Icon for Knysna Hillclimb
The iconic Porsche 956 sports prototype, widely-regarded as the best sports racer of all time, will be seen in action at the Renault Knysna Hillclimb from 22-24 October.
The 956 will be driven by Franz Pretorius and is sponsored by Hi-Q Plettenberg Bay. The vehicle is one of the most successful sports cars of all time, having won the Le Mans 24-hour race four times from 1982 and 1985, 29 World Championship races and three world championships before it was replaced by the 962C, which continued its winning ways.
While the 962C is deemed to be a different model, it was effectively a 956 with its wheelbase extended by 120mm and included a few other minor tweaks to comply with the US IMSA sports car regulations. Although it made its debut in the US in 1984, it only replaced the 956 in the Group C World Championship in 1985 and went on to score another 3 Le Mans victories with the last in 1994.
Dreaming of a 917
Pretorius is a committed Porsche enthusiast and, ever since his teenage years, has hankered after a flat 12-cylinder engine Porsche 917, the car that dominated Le Mans and endurance racing in the early '70s.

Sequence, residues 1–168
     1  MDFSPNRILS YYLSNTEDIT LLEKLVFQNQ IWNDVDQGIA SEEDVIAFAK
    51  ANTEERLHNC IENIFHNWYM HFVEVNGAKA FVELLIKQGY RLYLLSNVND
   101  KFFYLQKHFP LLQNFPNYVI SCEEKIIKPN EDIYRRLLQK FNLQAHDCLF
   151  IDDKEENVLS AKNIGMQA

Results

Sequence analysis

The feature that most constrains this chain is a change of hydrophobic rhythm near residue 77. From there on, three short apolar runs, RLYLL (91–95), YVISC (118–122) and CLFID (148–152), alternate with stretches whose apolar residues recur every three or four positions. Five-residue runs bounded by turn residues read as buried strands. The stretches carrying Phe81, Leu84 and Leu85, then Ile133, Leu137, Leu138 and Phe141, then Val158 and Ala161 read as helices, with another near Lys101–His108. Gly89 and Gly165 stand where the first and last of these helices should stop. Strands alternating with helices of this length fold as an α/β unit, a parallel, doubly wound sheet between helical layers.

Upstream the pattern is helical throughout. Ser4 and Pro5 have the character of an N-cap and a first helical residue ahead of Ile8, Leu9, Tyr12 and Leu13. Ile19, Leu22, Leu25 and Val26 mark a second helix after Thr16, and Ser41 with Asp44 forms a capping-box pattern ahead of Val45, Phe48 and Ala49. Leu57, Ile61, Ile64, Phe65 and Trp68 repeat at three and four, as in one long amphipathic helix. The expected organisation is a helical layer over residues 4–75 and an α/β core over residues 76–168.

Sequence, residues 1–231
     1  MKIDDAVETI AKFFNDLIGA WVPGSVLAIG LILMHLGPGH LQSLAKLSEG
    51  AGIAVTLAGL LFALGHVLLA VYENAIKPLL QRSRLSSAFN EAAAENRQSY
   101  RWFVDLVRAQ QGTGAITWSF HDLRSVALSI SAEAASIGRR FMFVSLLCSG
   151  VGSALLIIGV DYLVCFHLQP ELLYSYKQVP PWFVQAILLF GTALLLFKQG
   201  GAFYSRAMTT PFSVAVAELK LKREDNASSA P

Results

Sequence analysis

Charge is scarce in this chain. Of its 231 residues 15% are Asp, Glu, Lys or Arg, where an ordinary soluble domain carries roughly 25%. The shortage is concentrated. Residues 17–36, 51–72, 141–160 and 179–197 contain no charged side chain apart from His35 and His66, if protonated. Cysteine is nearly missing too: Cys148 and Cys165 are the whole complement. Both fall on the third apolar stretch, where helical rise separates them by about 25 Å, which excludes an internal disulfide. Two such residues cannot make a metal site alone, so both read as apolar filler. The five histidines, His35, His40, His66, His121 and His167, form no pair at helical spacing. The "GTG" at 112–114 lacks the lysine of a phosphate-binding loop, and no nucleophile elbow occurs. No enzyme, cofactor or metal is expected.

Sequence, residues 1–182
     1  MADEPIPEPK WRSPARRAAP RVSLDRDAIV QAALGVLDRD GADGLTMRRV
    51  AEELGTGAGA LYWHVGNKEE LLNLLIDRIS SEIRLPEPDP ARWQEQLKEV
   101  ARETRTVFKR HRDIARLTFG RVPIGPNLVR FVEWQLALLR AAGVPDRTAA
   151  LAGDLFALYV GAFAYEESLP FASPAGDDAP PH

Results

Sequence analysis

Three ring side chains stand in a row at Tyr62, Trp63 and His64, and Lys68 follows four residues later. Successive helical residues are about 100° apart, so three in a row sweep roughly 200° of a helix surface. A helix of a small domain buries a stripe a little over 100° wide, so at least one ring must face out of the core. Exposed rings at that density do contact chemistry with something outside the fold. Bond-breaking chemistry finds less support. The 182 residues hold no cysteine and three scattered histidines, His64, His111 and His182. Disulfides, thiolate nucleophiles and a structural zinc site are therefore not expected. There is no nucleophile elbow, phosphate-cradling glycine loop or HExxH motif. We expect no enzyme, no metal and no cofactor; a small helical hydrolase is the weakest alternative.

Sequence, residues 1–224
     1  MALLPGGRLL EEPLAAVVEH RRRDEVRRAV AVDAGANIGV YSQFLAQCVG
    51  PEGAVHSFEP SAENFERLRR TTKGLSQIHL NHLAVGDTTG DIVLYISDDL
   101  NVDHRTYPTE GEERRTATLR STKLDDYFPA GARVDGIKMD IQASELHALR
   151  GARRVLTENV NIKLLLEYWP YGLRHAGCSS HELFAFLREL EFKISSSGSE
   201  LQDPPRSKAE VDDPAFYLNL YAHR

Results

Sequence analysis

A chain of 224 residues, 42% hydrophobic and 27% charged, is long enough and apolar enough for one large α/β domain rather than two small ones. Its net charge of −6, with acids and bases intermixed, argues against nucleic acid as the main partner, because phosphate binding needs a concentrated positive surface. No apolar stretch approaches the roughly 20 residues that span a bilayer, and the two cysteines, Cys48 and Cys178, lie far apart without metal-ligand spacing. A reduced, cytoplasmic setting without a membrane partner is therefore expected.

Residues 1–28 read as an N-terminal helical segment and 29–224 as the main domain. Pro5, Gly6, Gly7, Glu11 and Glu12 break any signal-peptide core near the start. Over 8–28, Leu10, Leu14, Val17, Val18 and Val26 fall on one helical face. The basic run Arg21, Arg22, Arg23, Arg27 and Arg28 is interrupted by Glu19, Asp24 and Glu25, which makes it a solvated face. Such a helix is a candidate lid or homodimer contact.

The Porsche 917 is one of the world's rarest and most sought after classics and only two or three are in private hands. They rarely come up for sale.
The alternative for Pretorius was a Porsche that re-wrote endurance racing records. The iconic Porsche 956 made its debut in 1982 and was in production until 1985. Porsche built a total of 28 of the 956 Group C sports cars and the car driven by Franz Pretorius is one of only 10 constructed specifically for privateer teams.
It was delivered to Nova Engineering in Japan as chassis number 956-108, where it was raced under the Team Trust banner in 1983 in the inaugural Japanese Sportscar Championship (JSC). Driven by Australian Vern Schuppan and Naohiro Fujita, the car won the championship at its first attempt. It was damaged in a testing accident in early 1984 and retired from competition.
The car was purchased from Porsche by Brunn Racing as a damaged 'tub' in 1988 and restored to original condition before racing in the Group C/GTP classic series. It came to South Africa in 2003.
Depending on boost settings, power from the turbocharged flat-six can be pushed to over 500kW, which was enough to propel the car to 380km/h on the Mulsanne Straight at Le Mans.
Pretorius currently races the 956 in selected historic events, with his son Ruan sharing the driving on occasion.